Links to the posts in this series:

Q & Ace: An Introduction to Asexuality

I wrote this a while back for my friends and family.  I sent it to them when I came out.  It’s intended to be an overview of asexuality for someone who isn’t aware of what it entails and who was a bit blindsided and confused by an announcement from someone they’ve known for years.  Hopefully it’s useful for other people, too.

So, wait, what? You’re… Huh? What’s going on again?

I’m asexual. It’s a bit like being straight except I’m not into women.

Oh, so you’re gay?

No. Asexual. I’m not into men or women.

So, you’re a woman trapped in a man’s body?

No, I’m not transgender. I’m quite comfortable with the factory original parts and don’t see any need to replace any components.

Although, some people who are trans are also asexual.  They’re not mutually exclusive.

Are you missing pieces down below?

Uh, I don’t think so. Let me check…

Hang on a sec…

Ah, found it. Nope. All present and accounted for.

So, then, you’re saying down below doesn’t work or something?

Down below works just fine. It’s just I have no desire to interface my down below with anyone else’s down below.

You can clone yourself then?

No, different meaning of the word. Although, I’d have to say that binary fission would be an awesome trick for parties.

What are you talking about, then?

Asexuality means I don’t experience sexual attraction. That’s it. While other people are on an unending quest to find someone willing to test the repetitive compressive stress tolerance limits of their furniture, I’m on an unending quest to find a complete set of game cartridges for the Nintendo Virtual Boy. I’m simply not interested in having sex, although the customs and practices can be rather intriguing from a scientific or anthropological point of view.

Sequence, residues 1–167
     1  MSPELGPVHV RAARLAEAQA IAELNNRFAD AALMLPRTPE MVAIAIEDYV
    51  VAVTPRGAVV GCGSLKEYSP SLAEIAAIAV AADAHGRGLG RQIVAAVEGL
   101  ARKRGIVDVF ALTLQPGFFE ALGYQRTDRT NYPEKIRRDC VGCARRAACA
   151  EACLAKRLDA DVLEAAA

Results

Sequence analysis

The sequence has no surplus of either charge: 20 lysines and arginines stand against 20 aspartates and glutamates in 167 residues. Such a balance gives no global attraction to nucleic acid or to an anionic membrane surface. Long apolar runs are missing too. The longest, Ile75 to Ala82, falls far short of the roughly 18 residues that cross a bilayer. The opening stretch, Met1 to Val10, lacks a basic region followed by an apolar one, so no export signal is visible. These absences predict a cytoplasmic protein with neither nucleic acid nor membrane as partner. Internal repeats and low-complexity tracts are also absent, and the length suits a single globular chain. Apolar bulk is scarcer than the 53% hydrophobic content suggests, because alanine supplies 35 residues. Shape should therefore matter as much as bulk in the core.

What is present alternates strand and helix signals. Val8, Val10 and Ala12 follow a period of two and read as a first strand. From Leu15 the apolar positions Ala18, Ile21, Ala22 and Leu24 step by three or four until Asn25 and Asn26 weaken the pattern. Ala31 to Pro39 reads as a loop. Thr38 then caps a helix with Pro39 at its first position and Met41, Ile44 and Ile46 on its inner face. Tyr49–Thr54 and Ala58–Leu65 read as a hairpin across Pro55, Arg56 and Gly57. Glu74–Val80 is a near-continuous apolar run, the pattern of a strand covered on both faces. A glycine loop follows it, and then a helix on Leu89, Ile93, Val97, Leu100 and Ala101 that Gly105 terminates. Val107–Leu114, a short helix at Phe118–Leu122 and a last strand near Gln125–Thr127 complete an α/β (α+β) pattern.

You don’t want sex?


What, is it against your religion?


Were you abused, then?


Repressed or repulsed or something?


They have a pill for that, you know.

That’s not what the pill is for. The pill is for people who are ready and willing, but not able. I’m perfectly able, just not ready and willing. Saying there’s a pill that’ll fix asexuality is like saying there’s a pill that’ll fix homosexuality. I’m not going to take a pill, feel a stirring in my loins, and suddenly want to sleep with the next woman I see.

What is wrong with you? Sex is AWESOME!

You can keep your sex. Red Alarm is awesome.

More Awesome Than Sex

You should try it some time. You might like it!

“You do not like them. So you say. Try them! Try them! And you may. Try them and you may, I say!”

I did try it. I didn’t care much for it. I mean, it was okay, I guess, but nothing spectacular. Nothing close to what all of you claim. Kinda boring, actually.

Wait, you had sex? Gotcha! That means you’re not asexual!

I had sex twice. Nine years ago. Call it a youthful indiscretion or whatever. I didn’t know I was ace at the time. I thought I was straight and that sex was what I was supposed to do at some point, and she offered. It seemed like a good idea at the time.

Asexuality is a sexual orientation, just like being gay or straight. Orientation is not the same as behavior. A little bit of experimentation in college doesn’t make someone gay. A lesbian who wants a child and opts for natural insemination isn’t suddenly straight. I had sex for the experience and because I thought that doing it might make my libido turn on. It didn’t.

I don’t regret it at all. In fact, I think it’s good that I did try it, otherwise I’d probably have doubts that I’m really asexual because there’d be that chance that I would like it if I just tried it.

Maybe she just wasn’t any good. If you find someone good, you’ll change your mind.

Maybe she wasn’t. I don’t know. I don’t have any other data points to compare. But that’s irrelevant. I wasn’t put off by a bad experience. I never was really all that interested in it to begin with. She could have been the most mindblowingly skilled woman on the planet and I still probably would have said “Meh”.

It’s just a phase. It’ll pass.

19 years since puberty is “just a phase”? Well, I’ll give it another 20 minutes, but that’s it!